7 things your Doctor and Therapist want you to know about your back pain (that you probably don’t)

Back pain is so common that it affects 80% of Americans in their lifetime.  However, even with such a high prevalence, many continue to have inaccurate beliefs (“thought viruses”) about back pain and how to go about fixing it.  In fact, many things you try to help back pain or actually negatively affecting it.  On that note, here are a few simple pointers to fix your back pain and prevent recurrences!

Start doing something for it sooner than later
Often times we are told wait for the pain to go away. However, the sooner you start to see a medical professional the faster the results can be. Usually the prognosis is pretty high (85+%) for a full relief.  As a therapist who seems patients with direct access, back pain can typically get under control within 1-2 sessions! So seek a therapist out after 7-10 days of back pain.

Start taking an active approach
Utilizing treatments such as heat, ice and ultrasound, can bring improvement, but their effect are usually temporary.  Mounting evidence continues to prove that taking an active approach to your recovery, including exercise and postural correctives, lead to faster recoveries.

In contrast, prolonged bed rest is unhelpful, and is associated with higher levels of pain, disability, poorer recovery and longer absence from work and return to your fitness pursuits. In fact, it appears to have strong correlation between the length a person stays in bed because of back pain, and the severity and length of the pain.

Start lifting properly (but don't stop lifting!)
Poor lifting mechanics can put excessive load on the soft tissue structures.  Find a movement specialist who can retrain your mechanics to ensure adequate load on the back and begin the process of building confidence and durability for lifting.

While initiating lifting can be scary, getting back to your prior level of function and fitness is important. Many people, after an episode of back pain, begin to move differently due to a fear of pain or a belief that the activity is dangerous. These altered movement can be unhealthy in the long term and can actually alter muscle activation and coordination, leading to movement compensations and guarding and thus longer episodes of pain.

Start finding movements that are good for you
While bending forward may have initiated the back pain, don’t assume other movement will be harmful. Often times the back has a “directional preference” after a back incident that helps calm the muscles and soft tissue down and allows for rapid pain relief. Additionally, movement is key to acute tissue healing as this inhibits guarding mechanics and gives feedback to the body that other painful movements can follow suit.  Movement regains strength, increases circulation and healing, and restores confidence in your back.  Physical Therapists specializing in movement can find the best movements to calm your back down.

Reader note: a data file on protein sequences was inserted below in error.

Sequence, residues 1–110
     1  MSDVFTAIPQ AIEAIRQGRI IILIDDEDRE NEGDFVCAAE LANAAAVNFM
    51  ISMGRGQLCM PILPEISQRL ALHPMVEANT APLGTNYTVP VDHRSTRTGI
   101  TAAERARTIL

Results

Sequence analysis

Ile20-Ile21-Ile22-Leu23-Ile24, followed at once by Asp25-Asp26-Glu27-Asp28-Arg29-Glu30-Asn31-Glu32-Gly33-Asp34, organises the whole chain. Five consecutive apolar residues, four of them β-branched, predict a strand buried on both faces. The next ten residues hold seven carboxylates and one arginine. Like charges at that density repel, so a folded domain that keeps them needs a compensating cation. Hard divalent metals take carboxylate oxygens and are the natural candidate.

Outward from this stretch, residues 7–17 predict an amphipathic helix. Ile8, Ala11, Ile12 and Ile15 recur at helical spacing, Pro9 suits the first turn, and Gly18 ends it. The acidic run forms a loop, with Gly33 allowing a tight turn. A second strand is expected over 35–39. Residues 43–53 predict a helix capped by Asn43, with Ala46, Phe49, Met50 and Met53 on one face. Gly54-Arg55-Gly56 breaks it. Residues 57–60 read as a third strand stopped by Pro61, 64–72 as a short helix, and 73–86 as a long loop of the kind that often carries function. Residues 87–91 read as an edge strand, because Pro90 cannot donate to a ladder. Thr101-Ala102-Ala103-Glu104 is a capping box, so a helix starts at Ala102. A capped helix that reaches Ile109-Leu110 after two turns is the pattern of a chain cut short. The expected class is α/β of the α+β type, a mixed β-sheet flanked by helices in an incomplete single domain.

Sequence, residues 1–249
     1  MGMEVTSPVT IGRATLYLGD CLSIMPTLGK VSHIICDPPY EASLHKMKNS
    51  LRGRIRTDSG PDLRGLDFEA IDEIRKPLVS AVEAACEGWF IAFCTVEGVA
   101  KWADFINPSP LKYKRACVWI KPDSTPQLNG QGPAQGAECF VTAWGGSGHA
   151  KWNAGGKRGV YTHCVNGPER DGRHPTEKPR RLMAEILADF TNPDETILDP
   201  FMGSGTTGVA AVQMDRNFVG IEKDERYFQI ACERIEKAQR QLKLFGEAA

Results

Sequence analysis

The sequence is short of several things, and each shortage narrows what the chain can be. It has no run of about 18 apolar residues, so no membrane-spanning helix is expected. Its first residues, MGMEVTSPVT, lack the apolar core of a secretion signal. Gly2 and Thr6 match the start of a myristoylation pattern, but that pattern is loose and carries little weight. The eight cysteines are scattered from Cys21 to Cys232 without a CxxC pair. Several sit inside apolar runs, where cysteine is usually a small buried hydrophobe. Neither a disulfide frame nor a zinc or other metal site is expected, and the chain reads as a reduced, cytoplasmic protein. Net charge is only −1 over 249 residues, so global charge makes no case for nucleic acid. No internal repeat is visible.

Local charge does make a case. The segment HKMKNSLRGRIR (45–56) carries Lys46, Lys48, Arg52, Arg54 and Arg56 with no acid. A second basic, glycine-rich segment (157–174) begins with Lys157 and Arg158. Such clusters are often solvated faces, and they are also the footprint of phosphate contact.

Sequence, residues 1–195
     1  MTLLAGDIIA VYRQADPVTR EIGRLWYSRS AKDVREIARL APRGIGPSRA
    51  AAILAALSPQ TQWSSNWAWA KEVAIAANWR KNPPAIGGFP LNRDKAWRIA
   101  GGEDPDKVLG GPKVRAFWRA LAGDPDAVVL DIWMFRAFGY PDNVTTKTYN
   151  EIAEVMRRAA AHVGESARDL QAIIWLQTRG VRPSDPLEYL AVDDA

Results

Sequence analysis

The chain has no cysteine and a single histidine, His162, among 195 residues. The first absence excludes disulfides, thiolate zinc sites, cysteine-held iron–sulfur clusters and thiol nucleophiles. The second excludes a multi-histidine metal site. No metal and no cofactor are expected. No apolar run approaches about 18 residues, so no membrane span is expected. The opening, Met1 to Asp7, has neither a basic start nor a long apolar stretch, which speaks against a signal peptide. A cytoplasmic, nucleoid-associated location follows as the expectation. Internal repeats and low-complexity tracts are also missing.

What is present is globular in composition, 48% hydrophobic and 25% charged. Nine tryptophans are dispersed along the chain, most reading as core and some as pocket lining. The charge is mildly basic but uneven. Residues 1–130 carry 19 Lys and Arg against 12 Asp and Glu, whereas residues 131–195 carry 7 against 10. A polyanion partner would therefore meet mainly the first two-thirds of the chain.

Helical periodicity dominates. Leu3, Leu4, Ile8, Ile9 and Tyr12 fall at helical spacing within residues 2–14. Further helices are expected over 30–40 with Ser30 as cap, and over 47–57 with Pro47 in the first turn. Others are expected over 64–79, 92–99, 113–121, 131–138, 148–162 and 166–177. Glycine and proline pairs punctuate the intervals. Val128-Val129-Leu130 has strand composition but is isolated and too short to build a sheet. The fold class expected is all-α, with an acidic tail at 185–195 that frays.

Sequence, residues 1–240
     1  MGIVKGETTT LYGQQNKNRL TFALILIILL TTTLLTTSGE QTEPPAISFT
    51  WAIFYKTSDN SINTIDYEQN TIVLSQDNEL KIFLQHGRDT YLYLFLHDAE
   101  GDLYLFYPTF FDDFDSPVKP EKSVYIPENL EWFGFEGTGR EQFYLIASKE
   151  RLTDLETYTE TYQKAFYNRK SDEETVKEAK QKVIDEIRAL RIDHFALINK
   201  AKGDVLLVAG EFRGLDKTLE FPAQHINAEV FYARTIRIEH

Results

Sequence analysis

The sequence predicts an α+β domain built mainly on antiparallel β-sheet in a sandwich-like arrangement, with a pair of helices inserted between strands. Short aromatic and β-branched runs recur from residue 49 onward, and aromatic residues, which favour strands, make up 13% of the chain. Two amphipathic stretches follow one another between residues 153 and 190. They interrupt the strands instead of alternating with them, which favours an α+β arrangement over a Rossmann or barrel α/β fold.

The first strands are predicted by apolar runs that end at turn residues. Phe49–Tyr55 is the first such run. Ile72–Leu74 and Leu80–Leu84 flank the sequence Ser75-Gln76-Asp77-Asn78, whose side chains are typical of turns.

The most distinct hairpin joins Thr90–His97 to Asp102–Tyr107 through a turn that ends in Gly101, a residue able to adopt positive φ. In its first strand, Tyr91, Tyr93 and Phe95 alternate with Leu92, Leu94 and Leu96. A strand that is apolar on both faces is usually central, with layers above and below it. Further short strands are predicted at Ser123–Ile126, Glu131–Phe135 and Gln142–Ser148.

Start exercising
Similar to moving, the return to a gradual exercise program will be helpful for back relief.  Although potentially scary at first, exercise reduces back pain. Find a therapist that can help you with this process and pick the right exercises, intensity, and progression for you.

Start finding a better work set up (fix your workstation)
Often times people want to fix the back pain without fixing the common cause of the pain: poor and/or sustained sitting postures.  Adding positives won't always work if we don't eliminate the negatives! Apply simple strategies, like limit sitting to 30 minute periods when at work, (as well as other helpful tips) to eliminate back pain all together.

STOP caring about the Diagnosis and Imaging
This one might be the most important of them all. 85% of back pain is “nonspecific” and can be fixed with the above corrections. “Nonspecific” also meaning it's not a single abnormal entity at the root of your pain.  Don't get caught up in “L5 herniations” or “stenosis”.  You are more than a static xray or MRI that has no real connection to your pain. Your pain is mechanical, meaning it's influenced by movement. Don't let a test that doesn't assess movement tell you what's wrong with you!

Imaging of your back often show things that are poorly correlated and have NO connection to your pain. In fact, studies have shown that even people who don't have back pain they still present with things like bulging discs (52%), degenerated discs (90%), herniated discs (28%) and 'arthritic' changes visible (38%).
Remember, these people do NOT have pain! Unfortunately, people with back pain are often told that these things indicate their back is damaged, and this can lead to further fear, distress and avoidance of activity. The fact is that many of these things reported on scans are more like wrinkles - an indication of normal aging and not an actual sign of pain generators.

The main benefit that a skilled therapist provides is the ability to test and re-test your symptoms following an intervention.  Our interventions are very efficient at alleviating pain but they do not magically abolish or fix a degenerated disc.  However when movement and pain improves one can rest assure that the degenerative changes were not the cause of the pain the whole time!